03 February, 2015

Unresolved nuclear dilemma

BRP Bhaskar
Gulf Today

In the event of a nuclear disaster, who must bear the cost – manufacturers and suppliers of the faulty equipment that caused it or the unfortunate victims themselves? This, in essence, is the question that has delayed operationalisation of the Indo-US civilian nuclear agreement.

After the highly hyped talks between President Barack Obama and Prime Minister Narendra Modi late last month, the two leaders announced that the issue had been resolved. However, they revealed no details of the breakthrough. Though they still remain a well-kept secret it is becoming increasingly clear that the nuclear dilemma is unresolved.

The agreement of 2006 ended the nuclear isolation imposed on India by the US following the nuclear tests conducted by the Bharatiya Janata Party-led government in 1998. It was negotiated by the Congress-led United Progressive Alliance government, braving the opposition of the BJP as well as the Left parties which were sustaining it in office with outside support.

By 2008 the agreement was ratified and ready for implementation but there was no forward movement as the US government sought the right to inspect use of nuclear material India obtained from that country and US equipment suppliers were worried about the provisions of the Indian Nuclear Liability Act of 2010. At their first meeting last year Modi and Obama agreed on the setting up of an Indo-US group to sort out the matter.

The breakthrough announced during the Obama visit was worked out by the group in secret confabulations. The US dropped the demand for right to track the projects, which are subject to international inspections anyway. Standing beside Obama, Modi declared that the nuclear deal was the centrepiece of the transformed relationship between the two countries. But observers remain sceptical about the future of nuclear cooperation between the two countries.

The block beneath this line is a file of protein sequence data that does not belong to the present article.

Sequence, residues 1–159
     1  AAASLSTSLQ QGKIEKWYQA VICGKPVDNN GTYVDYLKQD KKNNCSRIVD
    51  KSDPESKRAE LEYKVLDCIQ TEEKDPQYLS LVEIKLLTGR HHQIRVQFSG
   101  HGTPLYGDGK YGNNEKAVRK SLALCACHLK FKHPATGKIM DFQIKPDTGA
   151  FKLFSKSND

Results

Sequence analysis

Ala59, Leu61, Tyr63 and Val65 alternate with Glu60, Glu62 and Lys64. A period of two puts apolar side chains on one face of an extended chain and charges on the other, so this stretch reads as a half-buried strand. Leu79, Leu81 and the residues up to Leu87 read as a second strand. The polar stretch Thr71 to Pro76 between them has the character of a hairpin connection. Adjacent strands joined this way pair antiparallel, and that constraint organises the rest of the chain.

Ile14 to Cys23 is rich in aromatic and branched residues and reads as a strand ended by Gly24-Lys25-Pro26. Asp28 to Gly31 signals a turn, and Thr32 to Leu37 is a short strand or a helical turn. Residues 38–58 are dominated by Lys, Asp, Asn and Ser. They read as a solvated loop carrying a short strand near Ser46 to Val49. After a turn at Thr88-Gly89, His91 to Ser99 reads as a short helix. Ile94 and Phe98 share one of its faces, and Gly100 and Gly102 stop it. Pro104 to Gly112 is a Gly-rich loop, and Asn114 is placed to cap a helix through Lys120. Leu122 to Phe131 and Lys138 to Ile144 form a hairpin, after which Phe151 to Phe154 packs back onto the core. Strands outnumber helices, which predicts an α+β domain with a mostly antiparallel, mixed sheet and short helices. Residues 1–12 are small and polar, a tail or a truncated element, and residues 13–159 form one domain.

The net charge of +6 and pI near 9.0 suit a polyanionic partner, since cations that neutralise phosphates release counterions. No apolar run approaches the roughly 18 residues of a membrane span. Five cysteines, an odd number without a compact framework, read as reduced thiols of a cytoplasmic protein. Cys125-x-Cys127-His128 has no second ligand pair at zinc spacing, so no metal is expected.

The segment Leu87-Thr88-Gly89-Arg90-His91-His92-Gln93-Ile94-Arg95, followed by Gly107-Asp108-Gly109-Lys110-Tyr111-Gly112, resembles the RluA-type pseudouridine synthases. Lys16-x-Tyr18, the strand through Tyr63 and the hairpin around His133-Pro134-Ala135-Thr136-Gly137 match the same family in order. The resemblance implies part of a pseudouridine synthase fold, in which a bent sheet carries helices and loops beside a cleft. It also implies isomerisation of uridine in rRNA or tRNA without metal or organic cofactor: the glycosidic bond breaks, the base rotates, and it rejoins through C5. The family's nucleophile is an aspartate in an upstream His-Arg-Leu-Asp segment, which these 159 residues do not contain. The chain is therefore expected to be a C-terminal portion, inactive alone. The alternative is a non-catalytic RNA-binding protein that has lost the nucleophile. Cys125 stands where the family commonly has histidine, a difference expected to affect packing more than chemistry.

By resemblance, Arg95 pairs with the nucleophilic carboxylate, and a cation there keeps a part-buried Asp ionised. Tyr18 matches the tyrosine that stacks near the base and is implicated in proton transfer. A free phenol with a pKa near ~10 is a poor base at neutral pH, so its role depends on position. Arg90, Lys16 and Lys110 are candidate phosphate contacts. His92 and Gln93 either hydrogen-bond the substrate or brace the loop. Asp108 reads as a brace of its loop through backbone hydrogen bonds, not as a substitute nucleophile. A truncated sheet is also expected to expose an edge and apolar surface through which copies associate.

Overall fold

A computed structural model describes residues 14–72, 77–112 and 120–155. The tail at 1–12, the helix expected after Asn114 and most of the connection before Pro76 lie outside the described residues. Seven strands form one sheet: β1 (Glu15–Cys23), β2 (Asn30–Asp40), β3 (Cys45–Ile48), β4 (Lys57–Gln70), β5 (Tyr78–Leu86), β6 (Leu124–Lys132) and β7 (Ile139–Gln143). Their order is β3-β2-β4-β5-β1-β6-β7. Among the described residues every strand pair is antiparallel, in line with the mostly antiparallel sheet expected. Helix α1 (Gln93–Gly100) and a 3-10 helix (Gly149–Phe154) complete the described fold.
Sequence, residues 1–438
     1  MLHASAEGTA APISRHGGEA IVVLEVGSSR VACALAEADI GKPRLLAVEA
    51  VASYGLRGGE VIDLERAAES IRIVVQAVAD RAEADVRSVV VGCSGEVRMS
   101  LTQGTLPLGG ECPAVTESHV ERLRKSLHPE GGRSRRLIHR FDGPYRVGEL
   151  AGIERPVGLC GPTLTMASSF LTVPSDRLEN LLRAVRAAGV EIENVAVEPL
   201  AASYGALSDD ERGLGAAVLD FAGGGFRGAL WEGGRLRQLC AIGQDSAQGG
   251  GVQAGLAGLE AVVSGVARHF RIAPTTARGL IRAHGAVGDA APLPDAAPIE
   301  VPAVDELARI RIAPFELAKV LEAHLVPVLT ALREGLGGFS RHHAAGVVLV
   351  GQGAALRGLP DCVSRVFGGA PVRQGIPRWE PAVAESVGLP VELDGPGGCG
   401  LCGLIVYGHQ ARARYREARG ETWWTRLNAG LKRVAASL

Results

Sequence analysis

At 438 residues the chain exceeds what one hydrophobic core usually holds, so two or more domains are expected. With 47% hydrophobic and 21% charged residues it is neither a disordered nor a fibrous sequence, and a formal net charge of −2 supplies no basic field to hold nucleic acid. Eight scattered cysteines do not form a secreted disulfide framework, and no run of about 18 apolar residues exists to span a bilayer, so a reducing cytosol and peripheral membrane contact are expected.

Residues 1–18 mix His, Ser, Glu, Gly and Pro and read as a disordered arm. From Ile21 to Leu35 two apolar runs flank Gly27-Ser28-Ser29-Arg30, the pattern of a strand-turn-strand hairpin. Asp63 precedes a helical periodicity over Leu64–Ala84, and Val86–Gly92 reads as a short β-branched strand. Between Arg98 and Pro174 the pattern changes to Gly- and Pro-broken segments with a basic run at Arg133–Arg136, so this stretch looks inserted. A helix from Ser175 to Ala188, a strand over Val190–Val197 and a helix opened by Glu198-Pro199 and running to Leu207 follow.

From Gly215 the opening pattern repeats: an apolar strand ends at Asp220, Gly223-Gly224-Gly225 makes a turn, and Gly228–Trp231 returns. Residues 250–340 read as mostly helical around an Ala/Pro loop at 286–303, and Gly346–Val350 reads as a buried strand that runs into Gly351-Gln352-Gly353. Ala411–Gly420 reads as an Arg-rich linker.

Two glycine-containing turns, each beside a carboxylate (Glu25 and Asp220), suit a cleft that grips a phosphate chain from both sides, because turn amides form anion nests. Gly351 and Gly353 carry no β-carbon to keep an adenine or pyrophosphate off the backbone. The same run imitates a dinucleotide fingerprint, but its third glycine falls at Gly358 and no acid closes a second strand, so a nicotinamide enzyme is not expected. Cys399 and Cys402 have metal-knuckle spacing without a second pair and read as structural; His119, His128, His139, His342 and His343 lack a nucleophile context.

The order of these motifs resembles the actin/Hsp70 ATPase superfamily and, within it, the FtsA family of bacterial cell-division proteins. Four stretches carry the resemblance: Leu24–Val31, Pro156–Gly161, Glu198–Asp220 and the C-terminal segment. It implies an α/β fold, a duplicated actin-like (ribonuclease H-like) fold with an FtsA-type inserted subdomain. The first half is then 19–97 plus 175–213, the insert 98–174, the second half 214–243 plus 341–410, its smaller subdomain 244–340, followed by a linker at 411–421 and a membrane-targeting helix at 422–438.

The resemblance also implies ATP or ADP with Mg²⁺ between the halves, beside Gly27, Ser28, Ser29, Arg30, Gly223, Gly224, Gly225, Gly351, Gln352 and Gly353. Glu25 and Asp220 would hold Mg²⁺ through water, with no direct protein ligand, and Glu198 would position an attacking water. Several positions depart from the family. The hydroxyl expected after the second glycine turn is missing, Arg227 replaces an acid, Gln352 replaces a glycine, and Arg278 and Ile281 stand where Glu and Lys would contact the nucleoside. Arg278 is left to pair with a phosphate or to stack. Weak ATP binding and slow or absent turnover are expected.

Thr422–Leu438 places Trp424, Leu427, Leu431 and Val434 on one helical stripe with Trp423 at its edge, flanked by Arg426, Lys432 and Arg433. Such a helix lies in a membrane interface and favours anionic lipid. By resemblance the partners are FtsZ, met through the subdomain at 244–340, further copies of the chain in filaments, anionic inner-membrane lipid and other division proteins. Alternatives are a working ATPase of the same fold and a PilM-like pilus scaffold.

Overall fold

The main benefit that will accrue to India from the nuclear deal, according to its domestic supporters, is that it will help generate electricity at as low as Rs 2.71 per unit and reduce dependence on coal and oil. It was Homi Bhabha, known as the Father of Indian Nuclear Science, who first held out the hope of cheap nuclear power. Over the past six decades, India has built and operated seven nuclear plants without being able to realise the dream of cheap power.

A study by Suvrat Raju and MV Ramana, two physicists working with the Coalition for Nuclear Disarmament and Peace, has shown that power generated at the proposed nuclear plant at Jaitapur in Maharashtra, which is to use US equipment, will cost the consumers as much as Rs 15 per unit.  

India, which relies on thermal power, for about 70 per cent of its energy requirements, needs to tap other sources to meet the fast growing demand. At present, nuclear energy accounts for less than two per cent.

Government plans, drawn up long before Modi came on the scene, envisages raising of the share of nuclear power to 25 per cent by 2050. The question is whether this is the best option after the Bhabha theory has proved wrong and the Three Mile Island, Chernobyl and Fukushima accidents have exposed the risk of high human and material costs it involves.

The efforts made so far to increase the use of renewable energy sources have increased the share of wind power to 8.3 per cent. Solar power still accounts for only one per cent of the total. The government’s fatal fascination for nuclear power when the huge potential of safe solar power remains untapped is inexplicable.

The issue is fast assuming the character of a conflict between nuclear power and people’s power. While Modi and Obama were talking, residents of Mithi Virdi, which the Gujarat government has chosen for locating a nuclear power plant, wrote an open letter to remind them that elected councils of four villages which will be most affected by the proposed plant have passed resolutions declaring the region a nuclear-free zone. They asked the two leaders to decide whether they want to channel billions of dollars to nuclear corporations or heed the people’s voice and cancel the unnecessary deals.

There have been protests at all places where work is in progress on nuclear projects. The secret Indo-US agreement is believed to provide for shifting the obligation to compensate nuclear disaster victims from the foreign equipment suppliers to the Indian government and insurance companies. It means the Indian taxpayer will have to pick up the bill. When the secret is out, opposition to the nuclear plants is sure to rise further. -- Gulf Today, Sharjah, February 3, 2015.